In a new Hubble Space Telescope image, what appears to beone galaxy is actually the product of a collision between two Milky Way-likespiral galaxies.
The result is a galacticmerger called NGC 2623, or Arp 243, and it is about 250 million light-yearsaway in the constellation of Cancer (the Crab).
Studies have revealed that as galaxies approach one another,massive amounts of gas are pulled from each galaxy towards the center of theother, until ultimately the two merge into one massive galaxy.
NGC 2623 is in the late stages of the merging process withthe centers of the original galaxy pair now merged into one nucleus. Stretchingout from the center are two tails of young stars, showing that a merger hastaken place.
During such a collision, the dramatic exchange of mass andgases initiates star formation, seen in both the tails.
The prominent lower tail is richly populated with brightstar clusters ? 100 of them have been found in Hubble observations. Theclusters are brighter than any seen in galaxies closer to our own. These starclusters may have formed as part of a loop of stretched material associated withthe northern tail, or they may have developed from debris falling back onto thenucleus.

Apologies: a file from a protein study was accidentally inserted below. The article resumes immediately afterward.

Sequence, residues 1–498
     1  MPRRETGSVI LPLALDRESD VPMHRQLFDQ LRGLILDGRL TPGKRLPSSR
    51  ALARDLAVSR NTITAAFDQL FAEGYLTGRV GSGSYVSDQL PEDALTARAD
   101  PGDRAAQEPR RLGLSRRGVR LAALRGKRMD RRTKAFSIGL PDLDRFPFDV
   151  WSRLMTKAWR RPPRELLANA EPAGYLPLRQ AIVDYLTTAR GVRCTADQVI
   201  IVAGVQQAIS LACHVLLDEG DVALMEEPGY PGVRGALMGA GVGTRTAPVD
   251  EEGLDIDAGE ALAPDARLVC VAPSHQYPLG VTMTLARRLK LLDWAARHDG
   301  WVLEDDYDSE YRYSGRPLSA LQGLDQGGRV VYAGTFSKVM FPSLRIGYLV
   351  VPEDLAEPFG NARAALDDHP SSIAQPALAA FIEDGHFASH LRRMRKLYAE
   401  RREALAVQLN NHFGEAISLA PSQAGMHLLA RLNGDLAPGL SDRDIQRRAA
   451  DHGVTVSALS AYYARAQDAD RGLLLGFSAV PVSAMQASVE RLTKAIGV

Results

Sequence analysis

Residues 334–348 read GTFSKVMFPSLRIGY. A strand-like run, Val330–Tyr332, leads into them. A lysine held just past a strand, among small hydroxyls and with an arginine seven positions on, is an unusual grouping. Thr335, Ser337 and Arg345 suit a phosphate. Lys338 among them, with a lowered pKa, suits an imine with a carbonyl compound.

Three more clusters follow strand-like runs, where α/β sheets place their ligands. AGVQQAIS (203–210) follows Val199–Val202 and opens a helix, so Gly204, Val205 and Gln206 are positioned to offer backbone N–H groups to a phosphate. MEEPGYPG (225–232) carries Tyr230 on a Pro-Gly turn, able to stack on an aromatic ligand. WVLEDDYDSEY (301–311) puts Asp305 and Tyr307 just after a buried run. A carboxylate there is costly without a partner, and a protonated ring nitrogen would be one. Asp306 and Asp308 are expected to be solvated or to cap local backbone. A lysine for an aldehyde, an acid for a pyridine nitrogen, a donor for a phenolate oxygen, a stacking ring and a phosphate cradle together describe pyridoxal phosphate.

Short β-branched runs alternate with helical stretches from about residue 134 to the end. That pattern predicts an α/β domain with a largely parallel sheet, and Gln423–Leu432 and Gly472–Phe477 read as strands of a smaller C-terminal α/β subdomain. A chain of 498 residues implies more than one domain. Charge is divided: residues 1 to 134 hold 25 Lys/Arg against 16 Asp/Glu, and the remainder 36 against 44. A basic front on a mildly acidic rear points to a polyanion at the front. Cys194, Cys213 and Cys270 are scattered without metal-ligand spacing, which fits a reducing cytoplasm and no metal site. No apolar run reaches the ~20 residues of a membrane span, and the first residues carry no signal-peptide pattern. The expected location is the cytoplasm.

In addition to this active star-forming region, bothgalactic arms harbor very young stars in the early stages of their evolutionaryjourney.
Some galactic mergers (including NGC 2623) can result in an activegalactic nucleus, where one of the supermassive black holes found at thecenters of the two original galaxies is stirred into action. Matter is pulledtoward the black hole, forming an accretion disc. The energy released by thefrenzied motion heats up the disc, causing it to emit across a wide swath ofthe electromagneticspectrum ? typically including everything from radio waves to visible lightto X-rays.
NGC 2623 is so bright in the infrared, for example, that itbelongs to the group of very luminous infrared galaxies (LIRG).
The images of the merger were taken in 2007 by the AdvancedCamera for Surveys (ACS) aboard Hubble.
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